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Surface-Mount LED Lights in Cathedral Ceiling

Mark Kessler | Posted in General Questions on

Hello, I would like to install 2 of these lights in a Cathedral ceiling. I have read a few articles here saying not to install can lights due to issues with air leakage, heat generation leading to roof deck rot etc.

Wondering if this will be the sam issue with these surface mount. LED lights, they are 11 watts. My plan was to use a ceiling box (j-box?) seal all the penetrations in the box with a fire block caulk (i think I read an article here on that) then caulk the rim of the fixture to the drywall ceiling.

Any opinions on this approach, is it a bad idea? i am thinking that this LED light must generate less heat that a can light due to the low wattage and I think it would be air sealed fairly well.

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Replies

  1. Expert Member
    Zephyr7 | | #1

    This is a better way to go than a can light, but there is still some risk. The general rule is "try not to put any holes in a catherdral ceiling since a good air barrier is vital there".

    I would recommend using the white fiberglass "hard boxes" here since they don't have any holes or gaps -- there are just punch outs to use where the wire comes in. These style boxes are easier to air seal compared to the regular plastic or metal boxes that have lots of holes. I would use some red high-temperature silicone sealant (NOT intumescent fire stop caulk) to seal the electrical wire where it enters, and probably canned foam around the perimeter of the box.

    Bill

    1. Mark Kessler | | #4

      Thanks Bill,

      One thing I wanted to mention is that I am most worried about is causing any moisture issues and not too worried about any heat loss as far as energy efficiency goes.

      Also should have mentioned that these will be in a bathroom

      1. Expert Member
        Zephyr7 | | #5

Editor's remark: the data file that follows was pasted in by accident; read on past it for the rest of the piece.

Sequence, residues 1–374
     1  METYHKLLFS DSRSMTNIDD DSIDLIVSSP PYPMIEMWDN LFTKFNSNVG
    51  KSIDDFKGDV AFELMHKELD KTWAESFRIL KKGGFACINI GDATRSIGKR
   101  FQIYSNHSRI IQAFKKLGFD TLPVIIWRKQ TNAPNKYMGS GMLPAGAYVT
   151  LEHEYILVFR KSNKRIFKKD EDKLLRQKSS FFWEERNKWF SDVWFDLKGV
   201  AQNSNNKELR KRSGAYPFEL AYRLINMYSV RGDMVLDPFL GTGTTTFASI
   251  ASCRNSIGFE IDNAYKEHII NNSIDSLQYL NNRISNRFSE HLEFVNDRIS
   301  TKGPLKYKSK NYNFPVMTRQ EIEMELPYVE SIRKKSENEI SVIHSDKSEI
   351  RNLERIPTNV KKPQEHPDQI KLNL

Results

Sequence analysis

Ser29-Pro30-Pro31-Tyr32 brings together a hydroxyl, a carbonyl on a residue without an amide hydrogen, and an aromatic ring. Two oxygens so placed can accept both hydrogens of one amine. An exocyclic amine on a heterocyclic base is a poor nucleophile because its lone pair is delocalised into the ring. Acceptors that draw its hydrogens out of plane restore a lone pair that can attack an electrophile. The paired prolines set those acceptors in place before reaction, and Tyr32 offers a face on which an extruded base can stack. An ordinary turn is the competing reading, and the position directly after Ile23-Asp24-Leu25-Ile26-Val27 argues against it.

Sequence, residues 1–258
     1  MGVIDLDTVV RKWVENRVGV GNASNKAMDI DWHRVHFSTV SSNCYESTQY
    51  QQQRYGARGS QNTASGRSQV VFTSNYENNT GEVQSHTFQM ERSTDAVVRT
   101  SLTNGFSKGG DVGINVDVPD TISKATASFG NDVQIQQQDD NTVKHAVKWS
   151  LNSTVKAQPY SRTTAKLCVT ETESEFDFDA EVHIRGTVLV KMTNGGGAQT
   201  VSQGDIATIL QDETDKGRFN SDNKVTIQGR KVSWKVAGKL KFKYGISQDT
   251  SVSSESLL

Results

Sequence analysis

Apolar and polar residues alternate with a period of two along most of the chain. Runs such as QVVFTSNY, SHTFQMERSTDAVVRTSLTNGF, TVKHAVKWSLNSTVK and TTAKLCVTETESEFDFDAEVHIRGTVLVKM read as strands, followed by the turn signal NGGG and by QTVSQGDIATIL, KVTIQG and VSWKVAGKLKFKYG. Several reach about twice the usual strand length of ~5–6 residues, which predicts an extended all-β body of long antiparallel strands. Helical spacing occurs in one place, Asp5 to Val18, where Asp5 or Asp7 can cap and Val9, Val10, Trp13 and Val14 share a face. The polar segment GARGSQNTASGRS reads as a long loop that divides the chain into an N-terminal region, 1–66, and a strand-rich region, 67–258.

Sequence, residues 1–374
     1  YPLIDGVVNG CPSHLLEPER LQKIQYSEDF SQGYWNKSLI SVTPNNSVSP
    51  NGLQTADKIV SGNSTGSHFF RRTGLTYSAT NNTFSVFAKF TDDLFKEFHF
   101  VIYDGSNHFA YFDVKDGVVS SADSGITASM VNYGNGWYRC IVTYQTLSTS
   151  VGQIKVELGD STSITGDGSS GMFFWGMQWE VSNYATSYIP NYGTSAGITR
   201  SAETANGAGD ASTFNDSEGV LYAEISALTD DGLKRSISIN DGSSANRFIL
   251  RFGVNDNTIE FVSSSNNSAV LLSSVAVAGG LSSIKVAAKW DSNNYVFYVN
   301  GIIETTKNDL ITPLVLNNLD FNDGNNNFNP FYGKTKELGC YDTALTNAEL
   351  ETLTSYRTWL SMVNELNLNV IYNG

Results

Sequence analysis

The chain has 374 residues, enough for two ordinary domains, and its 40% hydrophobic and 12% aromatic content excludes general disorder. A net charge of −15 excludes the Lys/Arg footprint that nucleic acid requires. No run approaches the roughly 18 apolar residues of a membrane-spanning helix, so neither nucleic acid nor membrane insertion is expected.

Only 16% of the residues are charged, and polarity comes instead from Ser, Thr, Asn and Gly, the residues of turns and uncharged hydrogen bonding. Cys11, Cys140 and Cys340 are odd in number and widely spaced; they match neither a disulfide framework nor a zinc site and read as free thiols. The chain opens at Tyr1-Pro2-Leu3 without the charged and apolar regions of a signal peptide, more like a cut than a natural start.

Mositure IS the bigger issue here. Air sealing helps with both though.

        BTW, Kiley brought up a good point about trying other kinds of lighting. I wanted to comment on that since that's how I solve the problem too: I like to use reflective lighting in areas with cathedral ceilings, either from wall sconces or cove lights. New LED strips make all kinds of interesting cove lighting ideas possible. With reflective lighting all you need is a white ceiling, no need to mount any fixtures in the ceiling.

        Bill

        1. Mark Kessler | | #6

          Thanks, so the condensation would come from the heat from the lamp to the cold air correct?

          ( btw, I am in Northern VT)

          Would any air leaking come in to play as far as causing the condensation?

          Totally going to look into other options but these lights generate a tiny bit of heat, i have one setup on a table face down with a jbox on it and has been on a few hours and i can barely detect any heat on the ceiling side, it is quite warm on the light side but suspect some of that is due to it being on the table with very little ventilation.

          This is far from a scientific test and the jbox is not air sealed nor is the light mounted on the ceiling so the heat wouldn’t get trapped or build up so who knows. I would say that the light would generally never be on and when it is maybe 1/2 to 1 hr but to be fail safe one needs to know what of ot was left on 24/7.

          1. Expert Member
            Zephyr7 | | #7

            It's not really about the heat of the light, it's about warm, moist indoor air going up through the holes by way of stack effect and then condensing on cold roof surfaces inside the ceiling. If you stop the airflow through the hole, you also stop the moisture migration that goes along with the air movement.

            Bill

        2. Mark Kessler | | #8

          Thanks Bill for reply #7 )again no “reply” button available for some reason)

          I think I will probably go ahead and install them, i can’t imagine I can’t get a good air seal on them, up lighting is not really an option because the ceiling is not very flat/smooth and their was mild popcorn that was skim coated and looks terrible when lit up but not even noticeable with wall lights and down lighting.

  2. GBA Editor
    Kiley Jacques | | #2

    Hi Mark,

    This is a good thread on the topic to read through: Properly Installed Can Light vs. Surface Mount. You’ll find some helpful resources mentioned there. Given the complexities of getting any kind of can light installation right (though you are right to think surface-mounted cans are a better bet in terms of air infiltration issues), I wonder if you have considered cabinet-top or cove lighting? Take a look at this article from lighting expert and educator David Warfel to get a sense of what can be accomplished outside of can lighting: LEDs Offer Flexibility for Home Lighting Design.

    1. Mark Kessler | | #3

      Thanks, I will take a look

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